The gist of my reply is that I think the "God is different" reply is fine, but that it drives you towards a purely negative view of God. (I'm not sure that such a view is tenable, but, well, I think the mystics and Maimonideans are better positioned, anyway. I'll write about it more, perhaps, for Ontological Investigations this summer.)

 

3/14/2018 8:41 pm  #64


Re: Is there any hope for atheism as a philosophical position?

UGADawg wrote:

I find this attractive, since I wouldn't want classical theism to be dependent upon such a controversial thesis as libertarian free will, which seems to run into significant problems whenever one attempts to give a sufficiently plausible account of it consistent with PSR.

I don't have time to comb through this whole thread, but here is another consideration. Suppose there are two possible worlds, w and v. Further suppose w is exactly the same as v except for one perfectly resembling trope or nominalist blob or indiscernible universal. What possible reason could God have to create w over v?

Dan tries to sidestep this objection with his libertarian-free-choice-as-explanation reply. But if determinism, no such reply. But seems to drive the PSR question (the strong PSR, anyway) back to free will questions independently of modal collapse.

Likewise the Buridan's ass variant Dan mentions in his review.

 

3/14/2018 11:53 pm  #65


Re: Is there any hope for atheism as a philosophical position?

Greg wrote:

Johannes wrote:

That God knows that He created world A and not world B is beyond obvious.

But now you have lost sight of the original point of saying that God knows that in possible world U1, such-and-such, that in possible world U2, such-and-such, that in possible world U3, such-and-such, ..., and then creates: to answer Pruss's problem that God's beliefs seem to be intrinsic properties but differ in different possible worlds. For now you are saying that God's knowledge is not the same in each possible world, and the same problem arises about knowledge. God knows something in U3 which he doesn't know in U2, and knowledge, as much as belief, seems to be an intrinsic property of God.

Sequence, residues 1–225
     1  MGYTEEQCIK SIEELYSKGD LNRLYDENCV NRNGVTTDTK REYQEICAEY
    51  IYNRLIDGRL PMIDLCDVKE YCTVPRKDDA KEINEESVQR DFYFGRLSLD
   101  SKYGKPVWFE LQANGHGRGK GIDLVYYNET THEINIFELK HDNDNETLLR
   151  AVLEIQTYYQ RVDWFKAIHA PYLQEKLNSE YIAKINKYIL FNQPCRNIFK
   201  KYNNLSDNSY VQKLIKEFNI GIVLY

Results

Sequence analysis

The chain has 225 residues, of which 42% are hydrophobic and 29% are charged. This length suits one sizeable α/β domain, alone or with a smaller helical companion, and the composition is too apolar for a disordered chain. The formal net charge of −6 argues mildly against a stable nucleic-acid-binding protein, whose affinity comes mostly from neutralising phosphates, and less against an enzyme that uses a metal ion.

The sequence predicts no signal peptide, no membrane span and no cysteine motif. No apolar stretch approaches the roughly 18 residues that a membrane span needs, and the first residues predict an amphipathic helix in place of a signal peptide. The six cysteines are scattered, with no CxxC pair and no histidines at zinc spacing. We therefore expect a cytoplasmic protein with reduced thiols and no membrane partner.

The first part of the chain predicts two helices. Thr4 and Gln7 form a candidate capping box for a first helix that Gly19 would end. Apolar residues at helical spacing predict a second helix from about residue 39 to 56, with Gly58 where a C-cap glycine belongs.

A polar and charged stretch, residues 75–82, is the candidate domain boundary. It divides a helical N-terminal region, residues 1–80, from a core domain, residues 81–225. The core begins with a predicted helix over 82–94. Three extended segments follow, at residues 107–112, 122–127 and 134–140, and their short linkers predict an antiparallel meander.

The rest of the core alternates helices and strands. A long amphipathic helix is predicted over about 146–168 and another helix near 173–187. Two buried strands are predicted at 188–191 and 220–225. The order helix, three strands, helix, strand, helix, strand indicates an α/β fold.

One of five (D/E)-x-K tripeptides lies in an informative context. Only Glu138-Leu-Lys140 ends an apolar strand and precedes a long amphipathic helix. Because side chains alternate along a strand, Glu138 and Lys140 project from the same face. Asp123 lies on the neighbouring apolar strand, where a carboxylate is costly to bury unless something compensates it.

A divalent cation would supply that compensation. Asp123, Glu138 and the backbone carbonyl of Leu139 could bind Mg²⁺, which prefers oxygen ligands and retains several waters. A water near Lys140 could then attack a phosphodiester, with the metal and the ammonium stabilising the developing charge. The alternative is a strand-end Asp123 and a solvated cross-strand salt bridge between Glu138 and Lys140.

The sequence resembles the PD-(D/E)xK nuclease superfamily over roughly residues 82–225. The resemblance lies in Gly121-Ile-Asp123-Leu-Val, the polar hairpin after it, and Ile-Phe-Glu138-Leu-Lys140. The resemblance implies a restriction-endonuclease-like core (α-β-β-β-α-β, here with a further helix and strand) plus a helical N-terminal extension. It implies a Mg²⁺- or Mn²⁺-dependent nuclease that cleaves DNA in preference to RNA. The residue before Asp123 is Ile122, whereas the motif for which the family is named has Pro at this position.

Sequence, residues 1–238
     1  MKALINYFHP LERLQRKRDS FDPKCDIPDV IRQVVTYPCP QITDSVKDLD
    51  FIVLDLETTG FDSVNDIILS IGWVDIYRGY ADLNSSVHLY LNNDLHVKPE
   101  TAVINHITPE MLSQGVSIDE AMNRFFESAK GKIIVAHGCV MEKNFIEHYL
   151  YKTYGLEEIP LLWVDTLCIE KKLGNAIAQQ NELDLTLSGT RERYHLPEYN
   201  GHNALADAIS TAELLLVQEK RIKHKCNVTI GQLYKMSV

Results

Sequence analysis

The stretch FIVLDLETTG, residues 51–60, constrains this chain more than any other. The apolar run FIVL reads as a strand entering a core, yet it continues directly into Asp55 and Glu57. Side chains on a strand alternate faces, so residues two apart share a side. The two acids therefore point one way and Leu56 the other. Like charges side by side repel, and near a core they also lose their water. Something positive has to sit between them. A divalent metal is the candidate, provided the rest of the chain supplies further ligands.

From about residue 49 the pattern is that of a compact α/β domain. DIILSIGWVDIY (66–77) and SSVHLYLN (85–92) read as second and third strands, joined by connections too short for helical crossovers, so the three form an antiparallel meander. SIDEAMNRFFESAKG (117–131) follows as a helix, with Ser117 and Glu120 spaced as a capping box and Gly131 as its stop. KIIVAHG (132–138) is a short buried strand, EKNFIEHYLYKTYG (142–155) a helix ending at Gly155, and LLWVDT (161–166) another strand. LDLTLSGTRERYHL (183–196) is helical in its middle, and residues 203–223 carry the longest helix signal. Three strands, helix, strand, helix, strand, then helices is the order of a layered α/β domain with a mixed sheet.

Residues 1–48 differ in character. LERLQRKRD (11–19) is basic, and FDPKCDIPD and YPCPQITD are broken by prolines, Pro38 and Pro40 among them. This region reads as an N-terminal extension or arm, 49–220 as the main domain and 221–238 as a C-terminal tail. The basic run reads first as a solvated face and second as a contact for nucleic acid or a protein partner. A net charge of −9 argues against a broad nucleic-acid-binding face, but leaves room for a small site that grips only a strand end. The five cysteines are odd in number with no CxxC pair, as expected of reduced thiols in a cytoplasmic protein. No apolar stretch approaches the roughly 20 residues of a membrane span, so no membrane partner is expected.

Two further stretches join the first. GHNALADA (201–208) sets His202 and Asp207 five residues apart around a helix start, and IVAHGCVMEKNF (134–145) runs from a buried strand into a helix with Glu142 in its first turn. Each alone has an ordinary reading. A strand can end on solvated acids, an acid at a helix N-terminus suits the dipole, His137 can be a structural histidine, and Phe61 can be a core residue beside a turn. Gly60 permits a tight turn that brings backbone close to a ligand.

I did not adress the original issue because it is clear that if the decision to create U1 (or U2, or both in parallel, or none) is not an intrinsic property of God, neither is his knowledge about the specific decision that He made.

Summarizing:

World 0: God in world 0 (having decided not to create & knowing that)
World 1: God in world 1 (having decided to create U1 & knowing that) + created universe U1
World 2: God in world 2 (having decided to create U2 & knowing that) + created universe U2

If deciding whether to create U1 (or U2, or both in parallel, or none) is not an intrinsic property of God, then knowing the specific decision that He made is not an intrinsic property of God.

 

 

3/15/2018 9:21 am  #66


Re: Is there any hope for atheism as a philosophical position?

Johannes wrote:

I did not adress the original issue because it is clear that if the decision to create U1 (or U2, or both in parallel, or none) is not an intrinsic property of God, neither is his knowledge about the specific decision that He made.

That's fine with me. I only objected because you were insisting against Pruss that we should talk of divine knowledge rather than divine beliefs, and that did nothing to resolve his problem; the solution you are suggesting now applies equally to divine belief.